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Applied Drama (AD)


“The theatre is applied, because it becomes a medium for action, for reflection, for transformation – a theatre in which new modes of being can be encountered and new possibilities for humankind can be imagined.” (Taylor, 2003).


Applied Drama encompasses any type of drama that has a social, transformative context.While unconventional, it is a type of theatre that is closer to communities. It uses empow- erment tools that allow participants to feel safe around one another, and assist a group to explore a problem or situation through the medium of unscripted drama. These tools include improvisation, process drama/role-playing, puppetry, mime, movement techniques, and storytelling. All of the tools can be employed to create an imaginative, interactive environmental education, in an unscripted, open-ended manner. Yet another form of Applied Drama is called Drama in


Community.Whether in neighbourhoods, farmer’s markets, community centres, schools or cooperatives, Drama in Community involves educational campaigns or a collective process involving social dialogue on issues such as food and water security.While the former requires a concerted effort on behalf of community members, the latter is a much more informal workshop gathering on a one-time basis or as part of a series. Either way, Drama in Community involves amateur participants, locations, and types of performances that are much more diverse than other theatrical forms. (See Cohen- Cruz’s Local Acts in the Resources for more information.)


Applied Drama in Action


The Young Eco-Thespians is a spring/summer community initiative engaged in Drama in Community. As its facilitator,


puppeteer and playwright, I am often amazed by the power of community that is created from this simple type of theatre. An age old mode of creative expression, puppetry excites and entices everyone. Touring farmer’s markets, arts centres, day camps, and ecology festivals, our radical veggie puppets perform a comedic awareness-raising play about genetically- modified organisms (GMO). Behind a puppet stage made of retrofitted bed frames and discarded linens, a group of community members, all 30 years of age or younger, have been transformed into puppeteers. The goal of our play is to educate, make people laugh and to develop a sense of com- munity. Kids aged 2-13 are our main audiences. Upon the show’s completion, people mingle and children ask questions. It’s as though something’s shifted. Among spectators and performers, a sense of community establishes itself as we engage in discussion about the puppets and the threat posed by GMO’s. But how do we invoke the power of community and such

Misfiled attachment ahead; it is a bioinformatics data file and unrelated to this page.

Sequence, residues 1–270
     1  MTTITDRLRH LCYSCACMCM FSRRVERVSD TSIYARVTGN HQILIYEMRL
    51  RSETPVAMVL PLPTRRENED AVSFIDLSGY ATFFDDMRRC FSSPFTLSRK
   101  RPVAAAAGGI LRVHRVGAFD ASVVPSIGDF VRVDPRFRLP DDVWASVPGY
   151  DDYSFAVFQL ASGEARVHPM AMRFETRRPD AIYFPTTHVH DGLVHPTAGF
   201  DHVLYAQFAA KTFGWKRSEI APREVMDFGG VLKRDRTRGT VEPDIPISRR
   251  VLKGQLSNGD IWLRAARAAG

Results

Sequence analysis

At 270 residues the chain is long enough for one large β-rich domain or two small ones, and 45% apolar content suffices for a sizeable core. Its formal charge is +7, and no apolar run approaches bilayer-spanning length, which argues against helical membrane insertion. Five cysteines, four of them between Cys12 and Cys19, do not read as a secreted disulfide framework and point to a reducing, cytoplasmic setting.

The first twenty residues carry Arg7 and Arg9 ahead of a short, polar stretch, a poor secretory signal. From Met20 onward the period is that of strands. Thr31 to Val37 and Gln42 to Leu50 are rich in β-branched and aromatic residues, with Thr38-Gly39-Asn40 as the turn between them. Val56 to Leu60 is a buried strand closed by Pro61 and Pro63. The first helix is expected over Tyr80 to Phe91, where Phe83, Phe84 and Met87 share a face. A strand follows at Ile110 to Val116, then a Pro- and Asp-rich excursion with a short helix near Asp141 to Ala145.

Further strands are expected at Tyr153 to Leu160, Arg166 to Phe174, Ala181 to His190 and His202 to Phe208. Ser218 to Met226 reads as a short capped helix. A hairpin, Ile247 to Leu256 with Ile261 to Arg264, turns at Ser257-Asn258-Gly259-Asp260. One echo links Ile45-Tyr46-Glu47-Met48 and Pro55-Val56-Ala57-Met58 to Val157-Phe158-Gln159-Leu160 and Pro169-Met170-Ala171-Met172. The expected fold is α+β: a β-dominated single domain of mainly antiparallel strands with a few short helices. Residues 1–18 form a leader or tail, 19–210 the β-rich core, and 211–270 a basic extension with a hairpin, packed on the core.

transformation? In the case of the Young Eco-Thespians, I applied for community grants and sought volunteer partici- pants through call-outs to community centres, youth centres, non-profit websites and community newspapers. Weekend visioning sessions were held that involved improvisation exercises and discussions of focus issues. Brainstorming sessions allowed young community members to decide on the outcomes and the venues. Theatre in Education helped us understand that educa-


tional eco-drama could consist of one act plays on a variety of environmental issues. Drawing on the participating prac- tices of Drama in Community, we created talk-back sessions after each show. Despite its onerous connotations, we found community collaboration to be quite fun and easy, once we took the initiative to create it.


GREEN TEACHER 91 Page 41


Young Eco-Thespians, Vancouver, British Columbia


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